In the 1960s, in vitro fertilization (IVF) was an experimental technology to help infertile couples have a pregnancy. From the 1970 until today, IVF has become increasingly common. In fact, it now accounts for over five percent of all live births in the U.S. and other developed countries.
Parents who opt for IVF are aware of certain risks associated with IVF, like babies being born early or smaller than normal, and the possibility of a multiple birth. Most parents find these risks are acceptable. However, a risk that some studies found in 2005 and 2013 is more frightening and less acceptable. Could a baby born with IVF have an increased risk of childhood cancer?
The Link Between IVF and Childhood Cancer
In 2005, a review of 25 small studies found a 33 percent increased risk for the most common childhood cancers – white blood cell and neurological cancers – in children born through IVF. In 2013, another study found an 18 percent increased risk. Cancer is the leading cause of death in children under age 15. It affects up to two in 10,000 children.
All the studies said that the overall risk of childhood cancer was still small. They also said that they could not tell if the risk was due to IVF itself or some underlying cause of infertility, like the older age of mothers or a genetic factor. Still, the findings were frightening and had a chilling effect on doctors and couples involved in IVF.
Reassuring News From the Largest Ever Study on IVF and Childhood Cancer
In April 2019, a University of Minnesota study was published in the American Medical Society journal JAMA Pediatrics. This is the largest study to date looking at the link between IVF and the risk of childhood cancers. This study included 2.5 times the number of children used in all the other studies combined.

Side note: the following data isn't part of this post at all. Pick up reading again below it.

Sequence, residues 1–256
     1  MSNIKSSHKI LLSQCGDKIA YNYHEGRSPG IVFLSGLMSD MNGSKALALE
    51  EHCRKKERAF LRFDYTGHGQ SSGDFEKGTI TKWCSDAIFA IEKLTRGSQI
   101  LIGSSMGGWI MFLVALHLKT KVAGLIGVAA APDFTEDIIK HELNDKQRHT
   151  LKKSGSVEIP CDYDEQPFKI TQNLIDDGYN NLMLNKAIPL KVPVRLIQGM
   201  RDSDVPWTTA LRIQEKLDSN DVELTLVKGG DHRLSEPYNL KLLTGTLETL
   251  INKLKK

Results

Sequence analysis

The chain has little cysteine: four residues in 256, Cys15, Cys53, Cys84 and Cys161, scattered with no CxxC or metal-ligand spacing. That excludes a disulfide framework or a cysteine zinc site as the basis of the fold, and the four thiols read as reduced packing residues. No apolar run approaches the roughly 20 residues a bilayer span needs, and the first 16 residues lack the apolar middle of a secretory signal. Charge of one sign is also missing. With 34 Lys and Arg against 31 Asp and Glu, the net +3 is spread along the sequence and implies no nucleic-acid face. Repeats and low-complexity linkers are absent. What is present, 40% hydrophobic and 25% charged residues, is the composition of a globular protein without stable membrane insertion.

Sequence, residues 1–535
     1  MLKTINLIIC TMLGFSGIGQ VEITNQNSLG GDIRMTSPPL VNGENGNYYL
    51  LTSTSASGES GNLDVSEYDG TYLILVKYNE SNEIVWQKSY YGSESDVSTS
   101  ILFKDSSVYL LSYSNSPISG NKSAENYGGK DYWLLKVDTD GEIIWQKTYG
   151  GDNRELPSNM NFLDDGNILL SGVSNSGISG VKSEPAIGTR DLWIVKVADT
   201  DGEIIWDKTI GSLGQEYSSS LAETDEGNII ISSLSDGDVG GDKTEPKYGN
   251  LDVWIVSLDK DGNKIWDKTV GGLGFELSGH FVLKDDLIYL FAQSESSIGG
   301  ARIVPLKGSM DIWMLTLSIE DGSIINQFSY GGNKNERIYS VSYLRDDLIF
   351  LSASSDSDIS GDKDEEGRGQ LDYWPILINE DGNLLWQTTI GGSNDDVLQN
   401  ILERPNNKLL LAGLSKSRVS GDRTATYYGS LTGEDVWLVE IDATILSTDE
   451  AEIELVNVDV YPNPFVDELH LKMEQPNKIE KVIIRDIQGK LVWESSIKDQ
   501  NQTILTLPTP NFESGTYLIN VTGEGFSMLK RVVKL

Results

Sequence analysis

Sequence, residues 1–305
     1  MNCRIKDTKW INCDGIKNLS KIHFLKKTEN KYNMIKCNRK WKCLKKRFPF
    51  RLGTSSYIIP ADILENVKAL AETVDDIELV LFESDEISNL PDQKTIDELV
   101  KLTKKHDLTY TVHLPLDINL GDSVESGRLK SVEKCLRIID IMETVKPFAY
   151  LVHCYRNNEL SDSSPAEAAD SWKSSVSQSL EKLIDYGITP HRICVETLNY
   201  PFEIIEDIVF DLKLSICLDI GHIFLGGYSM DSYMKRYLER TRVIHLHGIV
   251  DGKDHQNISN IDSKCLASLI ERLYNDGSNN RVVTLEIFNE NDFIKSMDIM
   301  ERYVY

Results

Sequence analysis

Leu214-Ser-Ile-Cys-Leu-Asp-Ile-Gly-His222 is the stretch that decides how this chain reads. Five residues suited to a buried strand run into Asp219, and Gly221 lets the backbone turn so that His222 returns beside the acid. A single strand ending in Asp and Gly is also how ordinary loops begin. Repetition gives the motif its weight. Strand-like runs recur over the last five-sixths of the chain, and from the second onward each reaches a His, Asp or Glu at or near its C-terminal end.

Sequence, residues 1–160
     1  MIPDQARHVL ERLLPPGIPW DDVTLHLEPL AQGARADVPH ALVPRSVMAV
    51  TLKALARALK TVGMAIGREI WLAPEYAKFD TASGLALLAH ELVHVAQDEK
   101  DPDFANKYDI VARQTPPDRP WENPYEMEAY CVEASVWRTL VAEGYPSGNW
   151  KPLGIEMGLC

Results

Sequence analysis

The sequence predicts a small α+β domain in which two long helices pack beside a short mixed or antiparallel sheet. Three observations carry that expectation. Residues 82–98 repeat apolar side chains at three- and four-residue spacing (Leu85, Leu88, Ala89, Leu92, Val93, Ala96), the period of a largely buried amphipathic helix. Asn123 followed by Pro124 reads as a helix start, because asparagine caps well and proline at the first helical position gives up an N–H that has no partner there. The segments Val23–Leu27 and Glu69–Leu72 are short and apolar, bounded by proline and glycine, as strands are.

Over 275,000 children born through IVF were compared to over 2 million children born without IVF. The children were drawn form 14 U.S. states between 2004 and 2012 and were followed from birth to between ages five and six. Except for a very rare type of liver tumor, the researchers did not find any overall increased risk for childhood cancer in the IVF children compared to the normal pregnancy children. The researchers could not tell if the increased risk for the liver tumor is due to IVF or to some other risk associated with infertility.
This study is good news for parents who have used IVF or are considering the option of IVF. It suggests that common childhood cancers like cancers of the blood or nervous system are not more common after IVF. The risk for a cancerous liver tumor in a child may be higher after IVF, but would still be less than three in one million.
The authors of the study caution that they only followed children for up to six years, so there may still be some increased risk in older children. They conclude that children born through IVF should be followed for any risk of childhood cancer, but that parents can be reassured that most childhood cancers are not more frequent in their children.